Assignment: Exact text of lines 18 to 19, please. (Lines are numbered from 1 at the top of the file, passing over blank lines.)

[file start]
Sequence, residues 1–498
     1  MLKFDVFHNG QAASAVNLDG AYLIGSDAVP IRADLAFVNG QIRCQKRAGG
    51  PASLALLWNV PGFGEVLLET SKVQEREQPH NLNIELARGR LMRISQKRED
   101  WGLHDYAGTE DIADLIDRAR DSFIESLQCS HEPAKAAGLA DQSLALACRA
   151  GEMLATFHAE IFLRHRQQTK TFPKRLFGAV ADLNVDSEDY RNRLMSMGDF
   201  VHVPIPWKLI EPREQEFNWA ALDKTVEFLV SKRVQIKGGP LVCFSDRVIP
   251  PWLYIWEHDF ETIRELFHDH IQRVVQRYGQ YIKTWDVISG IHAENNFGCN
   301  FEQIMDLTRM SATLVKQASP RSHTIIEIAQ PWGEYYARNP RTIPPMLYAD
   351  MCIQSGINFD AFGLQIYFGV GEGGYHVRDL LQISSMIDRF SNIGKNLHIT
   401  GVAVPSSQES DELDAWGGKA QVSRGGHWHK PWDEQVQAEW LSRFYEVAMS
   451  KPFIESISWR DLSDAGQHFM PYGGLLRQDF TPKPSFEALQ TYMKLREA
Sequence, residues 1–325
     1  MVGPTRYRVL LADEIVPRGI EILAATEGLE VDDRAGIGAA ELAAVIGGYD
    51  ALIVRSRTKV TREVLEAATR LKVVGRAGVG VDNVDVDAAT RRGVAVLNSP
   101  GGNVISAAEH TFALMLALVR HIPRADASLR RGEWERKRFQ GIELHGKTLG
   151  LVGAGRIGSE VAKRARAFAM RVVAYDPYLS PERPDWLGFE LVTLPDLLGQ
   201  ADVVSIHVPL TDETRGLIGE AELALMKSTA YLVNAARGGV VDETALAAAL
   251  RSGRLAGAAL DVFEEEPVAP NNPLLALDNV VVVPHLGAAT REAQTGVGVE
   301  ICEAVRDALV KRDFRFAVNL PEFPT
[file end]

   251  RSGRLAGAAL DVFEEEPVAP NNPLLALDNV VVVPHLGAAT REAQTGVGVE
   301  ICEAVRDALV KRDFRFAVNL PEFPT